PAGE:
The need to “wow” the customer remains strong, however, and some retailers are starting to embrace the incorporation of augmented reality (AR) into their digital signage deployments. Futuresource highlights virtual mannequins – which are used as a sort of “magic mirror” that enables consumers to virtually apply make-up or try on clothing – as one such application that has been deployed by the retailer Top Shop.
Predictably, Disney is getting into the game with the filing of several patent applications that will enable it to display augmented reality objects onto surfaces in the company’s theme parks, according to Futuresource. Visitors will be able to view these objects without the need for a headset or smart glasses, and, eventually, manipulate them.
5G is going to speed up mobile data, and it’s going to allow us to push more through the pipe a lot faster
While organisations are often focused on digital signage applications indoors, for Ventura, the outdoors provides ample opportunity to reach consumers and boost brand engagement. “That’s the next step when you look at the natural progression of the industry: how do we increase engagement outside? How do we gather more information and drive more communication with the consumer? That’s where IoT devices are going to be really important,” he said, adding that 5G will facilitate these opportunities. “5G is going to speed up mobile data, and it’s going to allow us to push more through the pipe a lot faster. That’s always been the limiting factor of wireless when it comes to digital signage, and outdoor [applications are] going to benefit from it the most.”
While slightly outside of the traditional digital signage category, interactive whiteboards are now being enhanced with AI to increase the value proposition for users. One example of this is the partnership between IBM Watson IoT and Ricoh. The two organisations teamed up in 2017 to elevate the collaborative experience with Ricoh’s cognitive-enabled interactive whiteboard using IBM’s Watson intelligence and voice technologies. The new solution supports people in meetings by responding to commands, taking notes and actions, and even translating content into other languages.
Collaborative workforces are at the heart of successful business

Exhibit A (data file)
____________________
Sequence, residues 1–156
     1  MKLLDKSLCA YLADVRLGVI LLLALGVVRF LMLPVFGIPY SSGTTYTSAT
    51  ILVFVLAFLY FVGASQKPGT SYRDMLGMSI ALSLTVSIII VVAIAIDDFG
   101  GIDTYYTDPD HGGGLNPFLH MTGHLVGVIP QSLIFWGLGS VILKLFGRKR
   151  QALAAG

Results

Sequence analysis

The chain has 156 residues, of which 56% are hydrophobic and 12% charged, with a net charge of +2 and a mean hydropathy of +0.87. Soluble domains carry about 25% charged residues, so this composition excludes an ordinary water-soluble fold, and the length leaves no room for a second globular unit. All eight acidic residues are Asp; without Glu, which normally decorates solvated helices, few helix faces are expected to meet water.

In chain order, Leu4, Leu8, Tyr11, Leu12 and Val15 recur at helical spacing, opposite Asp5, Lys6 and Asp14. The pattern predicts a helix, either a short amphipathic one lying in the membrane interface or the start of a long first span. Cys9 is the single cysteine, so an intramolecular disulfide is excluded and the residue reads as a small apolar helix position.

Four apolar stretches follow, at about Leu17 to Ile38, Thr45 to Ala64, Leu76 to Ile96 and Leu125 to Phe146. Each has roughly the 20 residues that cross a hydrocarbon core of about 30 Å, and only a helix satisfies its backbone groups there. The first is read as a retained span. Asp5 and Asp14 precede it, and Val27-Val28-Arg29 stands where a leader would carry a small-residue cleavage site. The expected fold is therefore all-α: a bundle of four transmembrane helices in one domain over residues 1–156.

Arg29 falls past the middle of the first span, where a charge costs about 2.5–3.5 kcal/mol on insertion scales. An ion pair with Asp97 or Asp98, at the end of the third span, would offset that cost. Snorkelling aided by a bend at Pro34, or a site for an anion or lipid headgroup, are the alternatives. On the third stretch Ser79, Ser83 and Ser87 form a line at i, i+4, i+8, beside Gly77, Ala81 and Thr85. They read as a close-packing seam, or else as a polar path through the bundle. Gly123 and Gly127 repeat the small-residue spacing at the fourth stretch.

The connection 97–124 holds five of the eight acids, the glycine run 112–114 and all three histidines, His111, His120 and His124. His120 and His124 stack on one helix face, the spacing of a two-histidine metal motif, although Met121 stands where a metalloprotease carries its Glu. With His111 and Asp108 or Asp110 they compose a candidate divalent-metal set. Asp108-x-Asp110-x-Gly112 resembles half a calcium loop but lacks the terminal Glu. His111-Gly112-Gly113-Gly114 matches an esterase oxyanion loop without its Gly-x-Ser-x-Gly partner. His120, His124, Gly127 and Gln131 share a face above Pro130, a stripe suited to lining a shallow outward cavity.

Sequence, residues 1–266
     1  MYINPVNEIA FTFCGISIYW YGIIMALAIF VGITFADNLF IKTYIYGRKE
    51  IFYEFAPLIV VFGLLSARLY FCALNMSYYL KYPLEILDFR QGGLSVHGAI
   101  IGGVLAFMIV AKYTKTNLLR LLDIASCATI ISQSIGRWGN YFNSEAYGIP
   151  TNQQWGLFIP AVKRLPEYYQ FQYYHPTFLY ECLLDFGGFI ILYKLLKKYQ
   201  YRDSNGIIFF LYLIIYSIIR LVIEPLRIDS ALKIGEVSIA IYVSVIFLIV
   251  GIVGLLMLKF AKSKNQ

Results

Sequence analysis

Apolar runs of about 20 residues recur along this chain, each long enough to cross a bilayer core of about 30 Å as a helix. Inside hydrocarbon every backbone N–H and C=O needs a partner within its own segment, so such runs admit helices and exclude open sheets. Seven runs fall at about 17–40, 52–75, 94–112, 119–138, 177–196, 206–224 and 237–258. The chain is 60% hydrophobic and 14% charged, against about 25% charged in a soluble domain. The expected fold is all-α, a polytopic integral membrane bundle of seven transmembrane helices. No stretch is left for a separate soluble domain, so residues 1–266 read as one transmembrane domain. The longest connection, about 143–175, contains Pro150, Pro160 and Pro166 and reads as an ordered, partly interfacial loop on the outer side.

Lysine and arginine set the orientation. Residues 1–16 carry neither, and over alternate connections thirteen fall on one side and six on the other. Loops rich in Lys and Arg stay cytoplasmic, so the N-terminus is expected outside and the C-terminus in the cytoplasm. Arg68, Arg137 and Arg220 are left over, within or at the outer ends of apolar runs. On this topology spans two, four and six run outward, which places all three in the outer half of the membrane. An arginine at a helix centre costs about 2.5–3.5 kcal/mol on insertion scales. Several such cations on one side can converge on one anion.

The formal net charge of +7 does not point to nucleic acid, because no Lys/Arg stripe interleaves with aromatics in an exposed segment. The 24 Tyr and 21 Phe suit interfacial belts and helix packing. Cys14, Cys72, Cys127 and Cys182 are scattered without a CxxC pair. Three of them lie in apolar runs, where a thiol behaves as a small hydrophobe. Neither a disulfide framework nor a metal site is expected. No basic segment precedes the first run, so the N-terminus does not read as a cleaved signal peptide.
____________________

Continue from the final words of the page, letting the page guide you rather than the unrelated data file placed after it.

According to a 2017 Ricoh press report, the Intelligent Workplace Solution leverages IBM Watson IoT and Ricoh’s interactive whiteboards to change the way teams meet and collaborate through new intuitive features that can be accessed using natural voice. “It makes sure that Watson doesn’t just listen, but is an active meeting participant, using real-time analytics to help guide discussions so teams can make faster, better and more informed decisions,” the company stated.
Features of the cognitive-enabled whiteboard include global voice control of meetings. Once a meeting begins, any employee, whether in-person or located remotely in another country, can easily control what’s on the screen, including advancing slides, all through simple voice commands using Watson’s Natural Language API.
The system is enhanced with translation services. The Intelligent Workplace Solution can translate speakers’ words into several other languages and display them on screen or in transcript.
What’s more, with a swipe of a badge the Intelligent Workplace Solution can log attendance and track key agenda items to ensure all key topics are discussed. Users can also hold side conversations that are displayed on the same whiteboard.
“Collaborative workforces are at the heart of successful business. The challenge is bringing disparate teams together and then enabling them to be productive,” said Harriet Green, general manager, Watson IoT. “With IBM’s Watson IoT technologies, Ricoh’s interactive whiteboards don’t just guide meetings; they foster an open exchange of ideas and make it easy for teams to work in partnership and bringing meetings to life.”
By Carolyn Heinze